ANCIENT S’S VERSUS MODERN F’S

In describing the first American cookbook, Amelia Simmons’s American Cookery (1796), on page 13 of The United States of Arugula, I note her recipe for “Beft bacon,” adding in a parenthetical aside that “printers had not yet sorted out their use of f’s and ornamental s’s.”

Marvin Taylor, who is the director of the Fales Library and Special Collections at New York University, and who was especially helpful to me as I researched the early chapters of the book, writes in to point out that what I describe an an f “isn’t really an f, it is what is known as a ‘long s.’ If you look closely at it, the cross bar doesn’t go all the way across. If it did, it would be an f. It goes only halfway, and is, thus, an s. While it looks odd to us, the long s was a typographical convention in English printing until the mid-19th century. It came over from handwriting into typography. You usually see it in the middle of words where there is an s or whenever there are two s’s together.”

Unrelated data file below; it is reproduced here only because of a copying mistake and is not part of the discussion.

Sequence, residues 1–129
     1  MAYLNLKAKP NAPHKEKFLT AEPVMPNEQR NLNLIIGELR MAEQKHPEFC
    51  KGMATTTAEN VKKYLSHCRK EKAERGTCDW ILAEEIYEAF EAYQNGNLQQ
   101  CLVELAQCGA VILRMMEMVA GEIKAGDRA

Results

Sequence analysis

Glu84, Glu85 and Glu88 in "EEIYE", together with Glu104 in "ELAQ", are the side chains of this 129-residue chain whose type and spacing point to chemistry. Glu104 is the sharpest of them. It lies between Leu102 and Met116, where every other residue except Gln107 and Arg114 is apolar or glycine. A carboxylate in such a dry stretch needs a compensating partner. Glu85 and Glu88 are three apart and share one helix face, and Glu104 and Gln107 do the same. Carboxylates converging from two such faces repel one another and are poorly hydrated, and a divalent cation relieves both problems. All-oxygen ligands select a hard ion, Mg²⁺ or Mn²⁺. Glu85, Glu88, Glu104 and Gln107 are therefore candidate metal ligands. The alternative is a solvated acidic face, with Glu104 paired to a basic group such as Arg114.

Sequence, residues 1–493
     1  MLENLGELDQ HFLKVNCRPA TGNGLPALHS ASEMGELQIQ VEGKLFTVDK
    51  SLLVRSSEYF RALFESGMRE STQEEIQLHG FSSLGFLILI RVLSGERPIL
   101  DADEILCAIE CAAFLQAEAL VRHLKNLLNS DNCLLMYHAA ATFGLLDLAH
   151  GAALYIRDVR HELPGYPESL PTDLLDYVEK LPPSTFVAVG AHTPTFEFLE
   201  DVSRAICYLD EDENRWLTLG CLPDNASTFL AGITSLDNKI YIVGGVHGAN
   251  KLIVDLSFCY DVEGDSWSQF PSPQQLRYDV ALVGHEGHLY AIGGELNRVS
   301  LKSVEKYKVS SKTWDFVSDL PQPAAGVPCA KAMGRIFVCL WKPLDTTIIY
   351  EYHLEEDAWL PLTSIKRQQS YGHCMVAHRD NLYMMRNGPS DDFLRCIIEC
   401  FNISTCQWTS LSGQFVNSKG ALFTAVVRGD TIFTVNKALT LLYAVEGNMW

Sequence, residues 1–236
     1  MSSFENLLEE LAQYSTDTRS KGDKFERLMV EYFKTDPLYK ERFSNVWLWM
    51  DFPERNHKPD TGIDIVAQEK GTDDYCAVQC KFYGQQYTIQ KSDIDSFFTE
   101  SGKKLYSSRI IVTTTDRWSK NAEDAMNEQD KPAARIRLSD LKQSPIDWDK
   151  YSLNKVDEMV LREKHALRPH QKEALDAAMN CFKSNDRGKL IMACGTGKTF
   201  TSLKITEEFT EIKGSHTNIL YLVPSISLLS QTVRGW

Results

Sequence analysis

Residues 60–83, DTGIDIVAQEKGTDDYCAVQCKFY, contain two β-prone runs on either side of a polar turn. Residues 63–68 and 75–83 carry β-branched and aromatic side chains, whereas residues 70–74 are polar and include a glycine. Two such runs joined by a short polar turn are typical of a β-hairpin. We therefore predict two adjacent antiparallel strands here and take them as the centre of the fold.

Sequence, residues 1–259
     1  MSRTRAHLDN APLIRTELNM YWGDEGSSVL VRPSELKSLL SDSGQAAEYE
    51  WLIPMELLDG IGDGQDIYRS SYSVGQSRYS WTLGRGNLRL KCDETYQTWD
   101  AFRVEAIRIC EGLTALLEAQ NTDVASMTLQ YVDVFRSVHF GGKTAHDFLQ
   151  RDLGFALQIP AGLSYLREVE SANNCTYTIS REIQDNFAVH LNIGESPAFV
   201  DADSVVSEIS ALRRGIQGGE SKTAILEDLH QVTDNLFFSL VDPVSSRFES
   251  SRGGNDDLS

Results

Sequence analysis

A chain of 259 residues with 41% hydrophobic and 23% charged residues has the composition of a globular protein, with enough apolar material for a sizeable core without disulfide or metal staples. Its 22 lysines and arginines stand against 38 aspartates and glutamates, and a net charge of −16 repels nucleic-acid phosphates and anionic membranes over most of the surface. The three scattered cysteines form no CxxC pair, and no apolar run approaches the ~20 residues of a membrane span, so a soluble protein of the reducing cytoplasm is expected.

Truth be told, I was aware that these f-lookin’ s’s are indeed s’s, and I was simply trying to convey how they read to the modern eye: “best” reads as “beft.” It’s like that great Ron Carey line in one of the ancient Rome scenes of Mel Brooks’s History of the World, Part I: “You’re nuts! N-V-T-S nuts!”

But Taylor is right, the way I worded that sentence in the book, it sounds like the printers made a mistake, when, in fact, they knew exactly what they were doing and were correct in their usage.

January 5, 2007  Link  Dept. of Corrections  Share/Bookmark

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